Aleksander Ceferin still has every intention of seeing if he can unpick the Champions League deal sprung on angry European football federations by the big clubs and the executive committee.
The 48-year-old Slovene signalled here in London today that his intentions have not changed since he was elected as new head of UEFA last Wednesday in Athens in succession to the banned Michel Platini.
Ceferin was in London, on his first official presidential engagement, for the launch of the Euro 2020 tournament and logo, a mere 73 days after Portugal upset hosts France to win the 2016 European Championship crown in Saint-Denis.
Last month, in what appeared a rush for money and power to beat Ceferin’s possible election, UEFA announced that, for the three-year commercial convention from 2018, the top four leagues – meaning Spain, Germany, England and Italy – would all be guaranteed four firm places in the group stage.
Currently the ‘fourth team’ of the top three leagues has to compete in the qualifying play-off round while fourth-ranked league, currently Italy, has only two guaranteed places plus one in the playoff round.
The European Club Association will also share, with UEFA, control of a new administrative company.
The coup angered many European national associations who protested that they had not been consulted in advance. One of the complainants was Ceferin himself, in his role as president of the Slovene federation. Immediately after his election he said he would study whether the deal could be scrapped.
Ceferin, who started effective work as president only yesterday, said in London: “Of course it’s not good for the small and mid-size associations. But it was my first day yesterday.
“I have to check what are the pluses and minuses about that decision. There were certainly pluses and minuses. Everything can change.”
The new deal covers the commercial and competition sphere of 2018-21. Ceferin, even though he has a mandate from 42 of the 55 UEFA asociations, will need to tread warily in political terms because his term lasts only until the spring of 2019. That is, probably before the succeeding deal will need to be concluded.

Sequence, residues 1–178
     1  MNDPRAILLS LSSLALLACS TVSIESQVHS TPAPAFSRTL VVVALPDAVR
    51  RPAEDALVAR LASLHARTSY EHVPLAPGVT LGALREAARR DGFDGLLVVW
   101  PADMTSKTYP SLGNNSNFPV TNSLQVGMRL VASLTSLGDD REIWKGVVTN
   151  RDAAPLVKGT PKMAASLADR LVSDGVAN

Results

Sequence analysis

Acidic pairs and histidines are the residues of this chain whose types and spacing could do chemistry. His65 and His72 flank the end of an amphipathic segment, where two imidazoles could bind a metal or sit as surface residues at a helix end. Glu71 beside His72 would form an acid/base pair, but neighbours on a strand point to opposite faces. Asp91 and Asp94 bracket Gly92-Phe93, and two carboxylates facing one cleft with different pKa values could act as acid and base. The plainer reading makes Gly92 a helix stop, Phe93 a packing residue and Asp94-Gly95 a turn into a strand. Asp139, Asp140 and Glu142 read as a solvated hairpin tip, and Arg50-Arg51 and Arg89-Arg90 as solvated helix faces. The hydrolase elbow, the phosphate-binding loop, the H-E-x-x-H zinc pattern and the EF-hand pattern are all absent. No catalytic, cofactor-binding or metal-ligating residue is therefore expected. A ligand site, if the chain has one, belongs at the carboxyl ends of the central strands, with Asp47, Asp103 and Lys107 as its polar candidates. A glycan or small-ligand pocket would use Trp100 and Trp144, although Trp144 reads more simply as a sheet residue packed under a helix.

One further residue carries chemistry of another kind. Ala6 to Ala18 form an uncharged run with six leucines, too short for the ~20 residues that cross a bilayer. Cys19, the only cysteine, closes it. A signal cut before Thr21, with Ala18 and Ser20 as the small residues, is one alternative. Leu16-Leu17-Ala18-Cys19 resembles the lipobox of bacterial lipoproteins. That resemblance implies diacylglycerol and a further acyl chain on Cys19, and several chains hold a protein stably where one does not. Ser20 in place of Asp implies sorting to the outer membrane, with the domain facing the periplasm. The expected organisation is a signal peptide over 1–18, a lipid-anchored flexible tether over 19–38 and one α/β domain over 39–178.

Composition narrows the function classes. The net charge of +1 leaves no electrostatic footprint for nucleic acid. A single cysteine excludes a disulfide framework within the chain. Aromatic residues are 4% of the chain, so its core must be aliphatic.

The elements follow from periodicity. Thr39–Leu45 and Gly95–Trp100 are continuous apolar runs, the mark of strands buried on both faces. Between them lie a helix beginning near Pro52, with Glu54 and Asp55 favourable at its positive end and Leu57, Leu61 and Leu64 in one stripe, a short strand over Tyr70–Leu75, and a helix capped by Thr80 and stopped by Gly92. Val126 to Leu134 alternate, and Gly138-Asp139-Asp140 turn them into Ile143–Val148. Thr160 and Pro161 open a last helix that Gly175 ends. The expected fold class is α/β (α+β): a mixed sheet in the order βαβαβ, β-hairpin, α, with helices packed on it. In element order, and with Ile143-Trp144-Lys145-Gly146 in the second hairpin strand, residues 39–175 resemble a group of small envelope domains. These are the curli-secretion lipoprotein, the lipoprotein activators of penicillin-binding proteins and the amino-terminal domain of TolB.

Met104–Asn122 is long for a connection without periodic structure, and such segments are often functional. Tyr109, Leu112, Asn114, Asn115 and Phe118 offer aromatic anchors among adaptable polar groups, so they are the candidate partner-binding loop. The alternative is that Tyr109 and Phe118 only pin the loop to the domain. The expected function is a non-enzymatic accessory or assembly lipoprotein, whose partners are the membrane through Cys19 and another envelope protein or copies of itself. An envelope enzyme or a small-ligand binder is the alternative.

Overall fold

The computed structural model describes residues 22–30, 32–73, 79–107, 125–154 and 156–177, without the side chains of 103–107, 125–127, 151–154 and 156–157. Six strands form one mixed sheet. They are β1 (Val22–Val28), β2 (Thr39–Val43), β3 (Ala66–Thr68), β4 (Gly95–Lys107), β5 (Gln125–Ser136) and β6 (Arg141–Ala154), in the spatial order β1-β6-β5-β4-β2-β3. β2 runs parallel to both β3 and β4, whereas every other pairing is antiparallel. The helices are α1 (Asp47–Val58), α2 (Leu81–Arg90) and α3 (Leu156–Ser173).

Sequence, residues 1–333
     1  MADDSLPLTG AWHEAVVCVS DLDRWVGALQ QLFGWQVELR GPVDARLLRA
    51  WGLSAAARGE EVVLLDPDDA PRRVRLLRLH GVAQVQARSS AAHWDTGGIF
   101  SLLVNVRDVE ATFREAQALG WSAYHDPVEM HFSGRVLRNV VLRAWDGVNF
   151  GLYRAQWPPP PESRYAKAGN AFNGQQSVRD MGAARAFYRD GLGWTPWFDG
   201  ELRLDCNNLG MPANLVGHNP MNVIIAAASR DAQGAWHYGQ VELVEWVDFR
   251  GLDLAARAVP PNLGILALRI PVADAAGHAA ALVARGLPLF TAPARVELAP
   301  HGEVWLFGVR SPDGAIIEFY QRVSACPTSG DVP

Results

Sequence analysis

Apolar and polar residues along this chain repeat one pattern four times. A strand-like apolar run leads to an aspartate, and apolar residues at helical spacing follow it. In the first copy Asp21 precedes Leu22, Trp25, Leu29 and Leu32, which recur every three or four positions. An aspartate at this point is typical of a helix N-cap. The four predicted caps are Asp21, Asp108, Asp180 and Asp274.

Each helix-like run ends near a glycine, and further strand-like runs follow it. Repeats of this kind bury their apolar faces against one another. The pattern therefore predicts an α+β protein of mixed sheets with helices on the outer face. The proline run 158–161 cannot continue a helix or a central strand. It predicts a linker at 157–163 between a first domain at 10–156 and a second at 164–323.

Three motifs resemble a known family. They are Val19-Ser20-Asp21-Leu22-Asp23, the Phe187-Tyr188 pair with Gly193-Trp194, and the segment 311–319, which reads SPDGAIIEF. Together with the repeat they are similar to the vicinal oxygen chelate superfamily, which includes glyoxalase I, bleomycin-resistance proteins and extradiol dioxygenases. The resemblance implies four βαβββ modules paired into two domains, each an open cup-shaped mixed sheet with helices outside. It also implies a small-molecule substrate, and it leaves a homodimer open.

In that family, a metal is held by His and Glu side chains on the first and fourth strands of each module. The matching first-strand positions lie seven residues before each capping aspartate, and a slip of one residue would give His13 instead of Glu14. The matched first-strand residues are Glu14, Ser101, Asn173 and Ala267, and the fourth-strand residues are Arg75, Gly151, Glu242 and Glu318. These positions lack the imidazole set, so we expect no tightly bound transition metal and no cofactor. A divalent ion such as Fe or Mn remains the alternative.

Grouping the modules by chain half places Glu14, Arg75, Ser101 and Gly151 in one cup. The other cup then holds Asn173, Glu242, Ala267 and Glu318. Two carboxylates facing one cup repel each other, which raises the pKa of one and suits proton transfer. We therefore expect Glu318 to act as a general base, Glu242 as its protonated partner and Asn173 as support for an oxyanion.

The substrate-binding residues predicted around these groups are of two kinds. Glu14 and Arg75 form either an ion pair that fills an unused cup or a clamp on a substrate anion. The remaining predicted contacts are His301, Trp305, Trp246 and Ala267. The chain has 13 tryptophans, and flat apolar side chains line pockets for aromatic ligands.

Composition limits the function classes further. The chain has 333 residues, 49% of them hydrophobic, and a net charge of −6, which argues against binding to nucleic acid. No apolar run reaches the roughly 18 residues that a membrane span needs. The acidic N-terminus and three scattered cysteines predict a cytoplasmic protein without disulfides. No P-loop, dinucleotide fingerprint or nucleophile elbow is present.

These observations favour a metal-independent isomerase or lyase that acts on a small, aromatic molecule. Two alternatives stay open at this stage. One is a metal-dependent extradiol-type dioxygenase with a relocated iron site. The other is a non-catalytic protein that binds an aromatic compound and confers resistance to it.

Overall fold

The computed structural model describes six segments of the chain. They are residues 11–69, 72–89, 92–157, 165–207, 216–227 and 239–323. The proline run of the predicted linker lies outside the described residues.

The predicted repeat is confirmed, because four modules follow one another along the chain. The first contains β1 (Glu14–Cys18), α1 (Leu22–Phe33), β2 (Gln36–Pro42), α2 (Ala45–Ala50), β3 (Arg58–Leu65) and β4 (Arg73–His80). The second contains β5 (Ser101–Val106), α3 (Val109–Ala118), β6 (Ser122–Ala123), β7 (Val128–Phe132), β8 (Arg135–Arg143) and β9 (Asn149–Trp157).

On other political issues Ceferin dismissed questions raised about his background and the conduct of the Slovene federation and expressed confidence about his relationship with the Football Association even though England voted against him.
The Norwegian website, Josimar, has raised concerns over the past week over whether Ceferin had been technically qualified to stand for UEFA president and also over events surrounding a €4m loan from UEFA to the Slovene federation.
Ceferin said: “That’s another joke from the same media. It’s all completely clear and UEFA has all the documents and I was even not involved in this [loan]. But I had expected some sort of stories from the same people who didn’t want to come to where I am.”
As for his relationship with the FA, which will host the next Euro flagship finale, Ceferin was complimentary, saying: “It was a pleasure for me to come here. We had a nice conversation with the new chairman [Greg Clarke]. I think now they’re backing me up.”
Martin Glenn, ceo of the FA, had also addressed the ‘building bridges’ issue on the sidlines of the launch. Glenn said England’s stance did not represent any particular doubts about Ceferin. The FA had voted for defeated presidental rival Michael Van Praag, head of the Dutch KNVB, “because we have known him and what he stands for, for a very long time.”
Ceferin was non-committal about a proposal within UEFA to consider paying a ‘golden goodbye’ to Platini, who has continued to protest his innocence over the issue of financial misconduct which brought him a four-year ban from the ethics chamber of world federation FIFA.
Platini’s successor insisted he had no knowledge of any such proposal.
He said: “I don’t know [about this] I will find out probably next week I think.” He was vehement that he had never suggested such a payment.